Optimal Distinctiveness Theory


After writing about the above image in the previous post, I read an article from the Atlantic about Guinness World Records: “Why Break a World Record?” by Cari Romm. This article introduced me to the term Optimal Distinctiveness Theory.

Stephen Garcia, a professor of psychology at the University of Michigan who studies competition. “People are always trying to find a way to make themselves seem like they’re at the top,” he said. In psychology, the “optimal distinctiveness” theory argues that people walk through their lives on a tightrope between belonging and individuality; the goal is to stand out, but not so much that they lose affiliation in the groups that help to form their identity.

“There’s a need for uniqueness, and I think people cling to that in different ways,” he said. When everyone is searching for their own brand of special, “they might see themselves as being number one in a particular dimension, and they might discount other things.”

Information on Psychwiki.com elaborates on this theory in greater detail.

Optimal distinctiveness theory is a theory in social psychology proposed by Brewer (1991) which makes the assertion that individuals strive to attain an optimal balance of assimilation and distinction within social groups and situations. That is to say, when people feel very similar to others, they seek out some way to be different. When they feel different, they try to be more similar. The theory argues that individuals continuously take corrective actions to maintain an optimal compromise between the need to be similar and the need to be different.

It seems to me that there’s a lot of potential for using this description as a set of rules for generative art, where objects are generated that are striving to be different until they become too different and then they try to become more the same.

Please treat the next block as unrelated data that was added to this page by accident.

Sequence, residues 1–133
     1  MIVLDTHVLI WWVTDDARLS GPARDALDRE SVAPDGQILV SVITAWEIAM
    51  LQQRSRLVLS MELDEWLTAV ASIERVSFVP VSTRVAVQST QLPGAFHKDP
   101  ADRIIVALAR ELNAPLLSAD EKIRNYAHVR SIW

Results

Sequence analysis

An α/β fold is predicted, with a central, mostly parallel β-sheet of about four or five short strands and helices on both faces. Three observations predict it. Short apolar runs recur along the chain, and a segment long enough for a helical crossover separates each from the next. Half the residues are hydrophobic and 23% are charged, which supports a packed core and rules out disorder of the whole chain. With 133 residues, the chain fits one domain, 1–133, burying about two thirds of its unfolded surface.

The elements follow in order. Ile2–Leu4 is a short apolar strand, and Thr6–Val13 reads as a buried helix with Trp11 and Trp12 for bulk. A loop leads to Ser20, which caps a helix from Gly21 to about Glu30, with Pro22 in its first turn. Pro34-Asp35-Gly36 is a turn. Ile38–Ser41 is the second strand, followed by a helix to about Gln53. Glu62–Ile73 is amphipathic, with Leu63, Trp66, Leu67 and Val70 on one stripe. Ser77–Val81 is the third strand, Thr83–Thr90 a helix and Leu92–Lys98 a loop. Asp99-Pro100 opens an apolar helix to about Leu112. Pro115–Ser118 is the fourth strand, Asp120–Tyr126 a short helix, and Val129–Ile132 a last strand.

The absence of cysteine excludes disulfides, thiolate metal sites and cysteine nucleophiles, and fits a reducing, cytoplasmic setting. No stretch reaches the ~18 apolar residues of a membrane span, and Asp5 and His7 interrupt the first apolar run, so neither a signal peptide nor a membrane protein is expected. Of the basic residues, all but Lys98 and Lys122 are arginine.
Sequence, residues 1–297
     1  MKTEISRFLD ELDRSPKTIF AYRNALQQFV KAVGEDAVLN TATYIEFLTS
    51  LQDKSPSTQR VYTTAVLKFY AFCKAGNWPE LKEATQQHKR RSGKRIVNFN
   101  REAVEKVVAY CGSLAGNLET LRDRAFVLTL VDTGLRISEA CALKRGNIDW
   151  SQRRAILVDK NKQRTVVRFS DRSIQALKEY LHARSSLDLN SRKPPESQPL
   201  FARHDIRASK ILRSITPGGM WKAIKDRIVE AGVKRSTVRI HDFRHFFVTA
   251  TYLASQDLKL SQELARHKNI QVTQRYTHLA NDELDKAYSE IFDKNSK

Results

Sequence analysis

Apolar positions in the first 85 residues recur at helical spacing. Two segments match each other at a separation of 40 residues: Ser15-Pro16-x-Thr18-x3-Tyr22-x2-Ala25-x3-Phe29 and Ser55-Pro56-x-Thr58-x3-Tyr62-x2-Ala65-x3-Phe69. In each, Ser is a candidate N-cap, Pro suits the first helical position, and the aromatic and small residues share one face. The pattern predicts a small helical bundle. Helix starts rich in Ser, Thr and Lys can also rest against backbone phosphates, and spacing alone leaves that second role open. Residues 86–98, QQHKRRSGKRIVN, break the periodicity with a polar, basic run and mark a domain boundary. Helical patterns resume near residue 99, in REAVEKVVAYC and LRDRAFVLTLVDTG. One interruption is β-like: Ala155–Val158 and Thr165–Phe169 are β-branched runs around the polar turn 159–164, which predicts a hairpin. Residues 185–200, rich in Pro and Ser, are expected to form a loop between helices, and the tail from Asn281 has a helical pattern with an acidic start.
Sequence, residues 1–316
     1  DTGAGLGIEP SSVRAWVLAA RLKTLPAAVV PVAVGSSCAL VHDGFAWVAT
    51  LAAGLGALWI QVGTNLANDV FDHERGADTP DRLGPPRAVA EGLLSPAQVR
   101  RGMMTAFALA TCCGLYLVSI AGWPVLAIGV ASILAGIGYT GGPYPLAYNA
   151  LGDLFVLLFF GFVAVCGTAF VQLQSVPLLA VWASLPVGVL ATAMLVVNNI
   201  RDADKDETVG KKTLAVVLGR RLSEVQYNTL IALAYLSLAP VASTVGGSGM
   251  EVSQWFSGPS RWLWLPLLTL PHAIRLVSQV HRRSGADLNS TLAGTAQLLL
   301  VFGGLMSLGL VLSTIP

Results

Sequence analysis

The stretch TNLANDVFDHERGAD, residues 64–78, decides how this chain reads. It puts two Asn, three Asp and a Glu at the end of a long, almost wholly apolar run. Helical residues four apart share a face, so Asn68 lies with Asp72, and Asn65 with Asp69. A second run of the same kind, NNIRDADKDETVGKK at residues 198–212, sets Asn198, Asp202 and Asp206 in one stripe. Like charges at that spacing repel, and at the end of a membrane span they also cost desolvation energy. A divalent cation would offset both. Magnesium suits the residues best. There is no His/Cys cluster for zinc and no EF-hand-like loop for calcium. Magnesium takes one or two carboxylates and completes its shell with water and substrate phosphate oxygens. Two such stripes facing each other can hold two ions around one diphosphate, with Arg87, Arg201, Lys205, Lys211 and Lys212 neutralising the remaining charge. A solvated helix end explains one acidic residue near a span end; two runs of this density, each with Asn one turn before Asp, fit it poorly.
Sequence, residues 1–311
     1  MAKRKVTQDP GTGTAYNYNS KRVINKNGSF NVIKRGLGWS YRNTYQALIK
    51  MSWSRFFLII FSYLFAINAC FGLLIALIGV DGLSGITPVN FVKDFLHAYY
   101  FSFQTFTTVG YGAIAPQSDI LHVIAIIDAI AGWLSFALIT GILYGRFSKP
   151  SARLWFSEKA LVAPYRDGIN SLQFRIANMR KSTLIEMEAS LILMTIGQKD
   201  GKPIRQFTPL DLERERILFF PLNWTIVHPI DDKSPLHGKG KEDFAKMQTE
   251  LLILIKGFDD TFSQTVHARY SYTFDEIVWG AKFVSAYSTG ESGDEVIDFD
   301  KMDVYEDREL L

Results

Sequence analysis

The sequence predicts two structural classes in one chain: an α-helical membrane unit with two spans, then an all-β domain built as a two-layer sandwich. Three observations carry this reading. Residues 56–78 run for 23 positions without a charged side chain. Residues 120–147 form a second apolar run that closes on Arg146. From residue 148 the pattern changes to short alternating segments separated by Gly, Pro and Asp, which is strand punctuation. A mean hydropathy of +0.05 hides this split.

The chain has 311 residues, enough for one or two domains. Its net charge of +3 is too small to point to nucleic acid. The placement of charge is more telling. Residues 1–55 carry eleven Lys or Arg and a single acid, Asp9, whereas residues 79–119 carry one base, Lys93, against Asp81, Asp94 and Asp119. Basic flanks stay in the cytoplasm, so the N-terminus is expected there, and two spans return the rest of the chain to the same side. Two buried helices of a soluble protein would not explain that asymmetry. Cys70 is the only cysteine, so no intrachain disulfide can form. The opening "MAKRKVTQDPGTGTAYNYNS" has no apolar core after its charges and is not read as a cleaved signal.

In the Atlantic article there was also reference to the three needs theory.

Human motivation can be sliced and diced into any number of categories—intrinsic versus extrinsic is one example—but one of the more well-known classifications is the “three needs” theory, which breaks motivation into, well, three needs: for achievement, for power, and for belonging.

I’m not sure how I could turn that into a set of rules for generative art but I wanted to keep a note of it. There is more information online about this theory that is also referred to as Need Theory. This is a simplification of Maslow’s hierarchy of needs as summarised in the diagram below.

Maslow's Hierarchy of Needs by J. Finkelstein (I created this work using Inkscape.) [GFDL (http://www.gnu.org/copyleft/fdl.html) or CC-BY-SA-3.0 (http://creativecommons.org/licenses/by-sa/3.0/)], via Wikimedia Commons

Maslow’s Hierarchy of Needs by J. Finkelstein (I created this work using Inkscape.) [GFDL (http://www.gnu.org/copyleft/fdl.html) or CC-BY-SA-3.0 (http://creativecommons.org/licenses/by-sa/3.0/)], via Wikimedia Commons

The term optimal distinctiveness is attributed to Marilynn B Brewer’s paper (Pers Soc Psychol Bull October 1991 vol. 17 no. 5 475-482) titled “The Social Self: On Being the Same and Different at the Same Time”, which is a great title. The abstract of this paper is here:

Most of social psychology’s theories of the self fail to take into account the significance of social identification in the definition of self. Social identities are self-definitions that are more inclusive than the individuated self-concept of most American psychology. A model of optimal distinctiveness is proposed in which social identity is viewed as a reconciliation of opposing needs for assimilation and differentiation from others. According to this model, individuals avoid self-construals that are either too personalized or too inclusive and instead define themselves in terms of distinctive category memberships. Social identity and group loyalty are hypothesized to be strongest for those self-categorizations that simultaneously provide for a sense of belonging and a sense of distinctiveness. Results from an initial laboratory experiment support the prediction that depersonalization and group size interact as determinants of the strength of social identification.

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